Monday, November 9, 2015

Welcome to the Party

It's that time of the year again--there is a chill in the air and people are looking forward to the winter holidays.  You know, New Years, Thanksgiving, and It's-My-Christmas-Not-Your-Happy-Holidays.

Yes, the "War on Christmas" has begun and I haven't even finished putting away my Halloween decorations, yet.

Things have already reached a fevered pitch--some people plan on boycotting Starbucks because their traditional red cups do not have a Christmas motif on them this year. Because....?  Snowflakes are a secret code for "Christ is born"? (I must have missed that day in parochial school.)

I understand that people object to their holiest of celebrations being made into something less. (I mean, were are talking about the birth of a savior here.)  I agree the whole thing has turned into a over-blown commercial frenzy and often leads to more stress than fellowship. Yes, Christians claim this holiday as their own and want to keep it focused on the "reason for the season" which is a wonderful intention.

However (you knew it was coming, right?):
1) Not everyone in this country is Christian--and that's okay.
2) Why can't non-Christians celebrate a general holiday season?  And why can't governments and retailers and Starbucks invite them to join in the spirit?

Let's say all your friends are going to a birthday party and suggest you come too.  You're not friend-friends with the guest of honor, but your everyone tells you to come anyway.  You show up at the house and the birthday boy answers the door, but won't let you in unless you know the secret password.  Your friends all tell you it's "New England Patriots Rule" but you just can't manage to utter such a thing.  So you are turned away from the party and all your other  football-fan friends act smug as you go home alone.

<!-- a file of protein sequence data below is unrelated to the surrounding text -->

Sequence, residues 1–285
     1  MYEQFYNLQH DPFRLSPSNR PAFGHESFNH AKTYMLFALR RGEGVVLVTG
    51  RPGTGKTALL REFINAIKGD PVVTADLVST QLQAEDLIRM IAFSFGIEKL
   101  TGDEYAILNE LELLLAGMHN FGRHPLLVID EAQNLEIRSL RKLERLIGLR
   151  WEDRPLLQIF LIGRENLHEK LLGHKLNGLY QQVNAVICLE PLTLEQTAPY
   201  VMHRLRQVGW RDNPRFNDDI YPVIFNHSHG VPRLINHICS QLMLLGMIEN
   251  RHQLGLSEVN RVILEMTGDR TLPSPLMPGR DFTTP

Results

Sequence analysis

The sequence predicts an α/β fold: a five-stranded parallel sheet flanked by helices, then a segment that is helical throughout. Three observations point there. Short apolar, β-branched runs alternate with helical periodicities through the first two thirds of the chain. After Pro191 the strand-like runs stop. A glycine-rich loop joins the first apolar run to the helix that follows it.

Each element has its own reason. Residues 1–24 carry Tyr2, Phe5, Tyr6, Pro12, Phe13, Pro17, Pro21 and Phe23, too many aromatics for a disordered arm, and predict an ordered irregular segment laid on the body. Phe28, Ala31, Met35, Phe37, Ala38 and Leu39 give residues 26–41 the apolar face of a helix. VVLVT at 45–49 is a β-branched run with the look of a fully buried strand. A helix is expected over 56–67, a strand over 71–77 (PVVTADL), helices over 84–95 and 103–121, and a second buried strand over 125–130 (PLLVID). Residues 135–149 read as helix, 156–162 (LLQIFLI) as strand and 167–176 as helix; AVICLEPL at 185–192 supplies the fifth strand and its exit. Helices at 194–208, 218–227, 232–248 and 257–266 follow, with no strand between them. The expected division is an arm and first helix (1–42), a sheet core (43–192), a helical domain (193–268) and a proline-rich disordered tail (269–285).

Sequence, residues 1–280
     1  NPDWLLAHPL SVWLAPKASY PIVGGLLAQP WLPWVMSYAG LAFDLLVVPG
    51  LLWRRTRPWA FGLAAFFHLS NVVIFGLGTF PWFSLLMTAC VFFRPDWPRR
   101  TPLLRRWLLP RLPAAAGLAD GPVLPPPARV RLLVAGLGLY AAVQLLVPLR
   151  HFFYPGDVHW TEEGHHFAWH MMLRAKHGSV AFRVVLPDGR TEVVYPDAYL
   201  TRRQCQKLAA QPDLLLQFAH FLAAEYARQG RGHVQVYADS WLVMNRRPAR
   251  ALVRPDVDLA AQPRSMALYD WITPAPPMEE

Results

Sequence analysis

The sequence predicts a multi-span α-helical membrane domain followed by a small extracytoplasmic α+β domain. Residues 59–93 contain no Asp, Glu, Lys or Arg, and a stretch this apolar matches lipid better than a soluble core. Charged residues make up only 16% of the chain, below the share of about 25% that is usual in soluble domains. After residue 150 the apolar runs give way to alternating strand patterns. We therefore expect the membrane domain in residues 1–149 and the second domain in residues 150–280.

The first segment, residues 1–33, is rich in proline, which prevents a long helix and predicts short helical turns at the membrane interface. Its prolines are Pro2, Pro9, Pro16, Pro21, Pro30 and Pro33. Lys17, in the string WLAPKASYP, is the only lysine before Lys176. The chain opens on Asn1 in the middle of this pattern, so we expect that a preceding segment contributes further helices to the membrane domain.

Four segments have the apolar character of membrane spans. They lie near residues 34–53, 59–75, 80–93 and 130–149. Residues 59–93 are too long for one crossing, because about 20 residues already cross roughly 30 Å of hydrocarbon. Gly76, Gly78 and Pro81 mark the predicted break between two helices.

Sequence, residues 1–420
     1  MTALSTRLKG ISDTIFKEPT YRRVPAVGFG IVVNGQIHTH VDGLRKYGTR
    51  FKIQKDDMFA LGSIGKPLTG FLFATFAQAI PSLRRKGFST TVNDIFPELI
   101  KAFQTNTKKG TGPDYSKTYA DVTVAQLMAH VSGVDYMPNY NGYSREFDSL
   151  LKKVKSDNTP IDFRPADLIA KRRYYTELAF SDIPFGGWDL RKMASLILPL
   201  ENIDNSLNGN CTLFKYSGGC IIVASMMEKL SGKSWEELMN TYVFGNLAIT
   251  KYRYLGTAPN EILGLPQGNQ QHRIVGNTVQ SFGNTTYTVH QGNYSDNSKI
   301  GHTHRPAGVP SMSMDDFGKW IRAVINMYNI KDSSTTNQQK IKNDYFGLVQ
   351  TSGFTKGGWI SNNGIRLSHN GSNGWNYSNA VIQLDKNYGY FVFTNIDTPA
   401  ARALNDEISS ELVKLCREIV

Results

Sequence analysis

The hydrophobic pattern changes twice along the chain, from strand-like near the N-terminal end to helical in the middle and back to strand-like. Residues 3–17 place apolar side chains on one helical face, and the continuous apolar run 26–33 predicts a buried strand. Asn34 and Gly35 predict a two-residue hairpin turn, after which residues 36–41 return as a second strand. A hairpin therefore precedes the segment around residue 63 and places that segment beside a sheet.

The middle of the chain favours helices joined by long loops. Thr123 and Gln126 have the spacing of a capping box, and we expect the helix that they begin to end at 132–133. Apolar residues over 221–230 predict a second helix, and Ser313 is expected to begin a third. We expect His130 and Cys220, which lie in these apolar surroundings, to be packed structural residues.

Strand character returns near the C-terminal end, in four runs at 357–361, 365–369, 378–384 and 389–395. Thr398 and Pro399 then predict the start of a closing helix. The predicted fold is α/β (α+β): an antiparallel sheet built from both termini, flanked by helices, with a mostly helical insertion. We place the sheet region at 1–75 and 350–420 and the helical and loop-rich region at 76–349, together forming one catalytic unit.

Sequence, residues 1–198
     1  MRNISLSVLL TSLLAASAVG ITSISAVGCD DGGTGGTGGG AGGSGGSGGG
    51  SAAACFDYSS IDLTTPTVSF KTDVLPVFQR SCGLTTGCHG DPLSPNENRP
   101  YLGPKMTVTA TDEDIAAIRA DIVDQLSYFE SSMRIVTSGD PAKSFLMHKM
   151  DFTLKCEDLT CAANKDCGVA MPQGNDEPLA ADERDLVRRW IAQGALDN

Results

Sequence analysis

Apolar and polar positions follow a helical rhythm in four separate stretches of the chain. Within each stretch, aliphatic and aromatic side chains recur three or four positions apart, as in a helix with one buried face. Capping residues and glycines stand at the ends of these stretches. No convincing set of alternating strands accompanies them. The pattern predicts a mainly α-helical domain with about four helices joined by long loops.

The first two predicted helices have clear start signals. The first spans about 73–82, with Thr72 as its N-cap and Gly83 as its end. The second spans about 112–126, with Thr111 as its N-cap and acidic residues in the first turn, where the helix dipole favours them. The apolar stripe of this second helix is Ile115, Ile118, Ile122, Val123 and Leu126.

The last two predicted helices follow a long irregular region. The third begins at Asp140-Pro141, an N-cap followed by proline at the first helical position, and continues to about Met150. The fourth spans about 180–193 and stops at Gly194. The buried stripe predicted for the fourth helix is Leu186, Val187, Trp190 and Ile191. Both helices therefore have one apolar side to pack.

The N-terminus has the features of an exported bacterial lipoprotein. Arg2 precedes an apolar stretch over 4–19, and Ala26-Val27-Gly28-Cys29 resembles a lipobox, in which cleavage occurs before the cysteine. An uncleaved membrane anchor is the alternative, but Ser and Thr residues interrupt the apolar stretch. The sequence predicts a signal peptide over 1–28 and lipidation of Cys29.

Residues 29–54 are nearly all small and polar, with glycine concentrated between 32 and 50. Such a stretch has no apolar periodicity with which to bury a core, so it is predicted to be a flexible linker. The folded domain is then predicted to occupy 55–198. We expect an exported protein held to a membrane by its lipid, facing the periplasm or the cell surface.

Or, let's say Jesus is having a birthday party and invites everyone to celebrate with him.  You are not yourself a follower, but your friends assure you it's cool.  You show up at the house and Jesus answers the door.  He might ask you to wipe your feet, but do you suppose he insists you wish him a happy birthday?  Does he check for your Christian membership card?  Or does he welcome you to the party and tell you where the wine is? (Made fresh today!)

The point is Jesus was all about including everyone--children, lepers, and tax collectors.  No one needed a secret code word, no one needed a membership card, everyone was invited.  Why would we insist that Buddhists/atheists/Muslims/People who like to say "Happy Holidays" can't come to our party?

So you can wish me happy Hanukkah, Kwanzaa, Solstice, or Festivus.  I may reply in kind, or I may wish you a Merry Christmas.  I like to think what we are actually saying to each other is "Welcome to the party! (The wine is in the back.)"